The Animal Translators

Emily Anthes in The New York Times:

The naked mole rat may not be much to look at, but it has much to say. The wrinkled, whiskered rodents, which live, like many ants do, in large, underground colonies, have an elaborate vocal repertoire. They whistle, trill and twitter; grunt, hiccup and hiss. And when two of the voluble rats meet in a dark tunnel, they exchange a standard salutation. “They’ll make a soft chirp, and then a repeating soft chirp,” said Alison Barker, a neuroscientist at the Max Planck Institute for Brain Research, in Germany. “They have a little conversation.” Hidden in this everyday exchange is a wealth of social information, Dr. Barker and her colleagues discovered when they used machine-learning algorithms to analyze 36,000 soft chirps recorded in seven mole rat colonies.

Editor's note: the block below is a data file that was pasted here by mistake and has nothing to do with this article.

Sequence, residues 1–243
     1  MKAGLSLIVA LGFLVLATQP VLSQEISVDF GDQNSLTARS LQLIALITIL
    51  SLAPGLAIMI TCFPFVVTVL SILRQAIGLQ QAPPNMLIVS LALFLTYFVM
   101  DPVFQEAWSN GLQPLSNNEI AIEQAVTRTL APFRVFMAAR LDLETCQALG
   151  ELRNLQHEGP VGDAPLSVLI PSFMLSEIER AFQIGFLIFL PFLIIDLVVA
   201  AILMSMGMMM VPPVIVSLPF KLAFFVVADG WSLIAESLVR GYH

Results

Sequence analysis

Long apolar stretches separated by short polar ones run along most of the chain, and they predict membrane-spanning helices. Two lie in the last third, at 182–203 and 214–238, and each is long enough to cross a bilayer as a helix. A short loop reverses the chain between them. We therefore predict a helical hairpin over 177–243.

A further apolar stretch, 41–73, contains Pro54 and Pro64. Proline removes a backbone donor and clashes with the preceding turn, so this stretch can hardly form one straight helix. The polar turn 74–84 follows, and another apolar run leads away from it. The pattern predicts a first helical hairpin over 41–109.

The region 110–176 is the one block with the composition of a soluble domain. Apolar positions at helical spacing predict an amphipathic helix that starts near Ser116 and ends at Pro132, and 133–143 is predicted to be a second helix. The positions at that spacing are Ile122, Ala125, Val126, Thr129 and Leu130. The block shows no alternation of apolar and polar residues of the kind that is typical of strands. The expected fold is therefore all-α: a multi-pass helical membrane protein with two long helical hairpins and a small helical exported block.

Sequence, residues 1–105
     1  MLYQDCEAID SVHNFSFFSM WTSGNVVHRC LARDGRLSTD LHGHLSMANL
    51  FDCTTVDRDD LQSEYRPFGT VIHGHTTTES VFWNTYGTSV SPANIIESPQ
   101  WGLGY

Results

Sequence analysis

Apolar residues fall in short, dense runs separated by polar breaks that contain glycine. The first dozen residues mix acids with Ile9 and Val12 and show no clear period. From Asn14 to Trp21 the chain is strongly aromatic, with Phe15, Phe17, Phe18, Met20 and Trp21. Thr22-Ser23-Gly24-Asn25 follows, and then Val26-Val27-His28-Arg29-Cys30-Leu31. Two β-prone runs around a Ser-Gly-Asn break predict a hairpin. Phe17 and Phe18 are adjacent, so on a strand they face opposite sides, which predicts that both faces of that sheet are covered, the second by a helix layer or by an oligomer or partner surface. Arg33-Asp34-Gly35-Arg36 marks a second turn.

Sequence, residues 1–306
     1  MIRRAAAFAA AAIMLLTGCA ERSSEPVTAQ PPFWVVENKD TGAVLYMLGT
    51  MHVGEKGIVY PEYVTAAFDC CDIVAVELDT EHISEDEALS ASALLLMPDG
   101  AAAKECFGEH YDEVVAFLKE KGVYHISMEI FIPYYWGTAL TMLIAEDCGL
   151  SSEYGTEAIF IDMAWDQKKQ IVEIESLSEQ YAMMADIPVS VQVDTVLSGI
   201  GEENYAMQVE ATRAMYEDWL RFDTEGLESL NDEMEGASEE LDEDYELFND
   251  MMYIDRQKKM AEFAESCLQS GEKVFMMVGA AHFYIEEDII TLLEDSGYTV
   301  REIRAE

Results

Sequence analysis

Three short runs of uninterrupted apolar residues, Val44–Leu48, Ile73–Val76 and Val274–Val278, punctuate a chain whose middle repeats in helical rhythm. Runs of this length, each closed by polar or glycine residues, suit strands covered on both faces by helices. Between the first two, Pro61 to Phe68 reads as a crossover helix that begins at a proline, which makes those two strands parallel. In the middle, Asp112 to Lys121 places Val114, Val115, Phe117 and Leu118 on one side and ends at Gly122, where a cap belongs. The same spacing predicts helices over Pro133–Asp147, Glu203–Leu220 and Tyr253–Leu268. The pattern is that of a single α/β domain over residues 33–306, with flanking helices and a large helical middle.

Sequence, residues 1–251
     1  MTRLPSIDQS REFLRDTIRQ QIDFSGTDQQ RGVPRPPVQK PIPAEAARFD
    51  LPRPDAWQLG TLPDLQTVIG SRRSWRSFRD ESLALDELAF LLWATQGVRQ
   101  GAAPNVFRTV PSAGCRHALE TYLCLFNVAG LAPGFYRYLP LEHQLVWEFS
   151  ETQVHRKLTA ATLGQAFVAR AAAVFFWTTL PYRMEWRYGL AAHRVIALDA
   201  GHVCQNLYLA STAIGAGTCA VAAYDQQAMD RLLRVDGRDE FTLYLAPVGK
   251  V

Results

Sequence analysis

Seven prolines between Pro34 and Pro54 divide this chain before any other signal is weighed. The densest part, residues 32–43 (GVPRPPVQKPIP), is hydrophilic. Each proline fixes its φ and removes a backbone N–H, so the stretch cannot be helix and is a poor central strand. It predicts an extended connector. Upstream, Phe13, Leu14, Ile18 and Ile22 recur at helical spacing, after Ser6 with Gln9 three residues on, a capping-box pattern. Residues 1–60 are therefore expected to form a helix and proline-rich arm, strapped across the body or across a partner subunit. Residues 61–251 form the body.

Not only did each mole rat have its own vocal signature, but each colony had its own distinct dialect, which was passed down, culturally, over generations. During times of social instability — as in the weeks after a colony’s queen was violently deposed — these cohesive dialects fell apart. When a new queen began her reign, a new dialect appeared to take hold. “The greeting call, which I thought was going to be pretty basic, turned out to be incredibly complicated,” said Dr. Barker, who is now studying the many other sounds the rodents make. “Machine-learning kind of transformed my research.”

More here.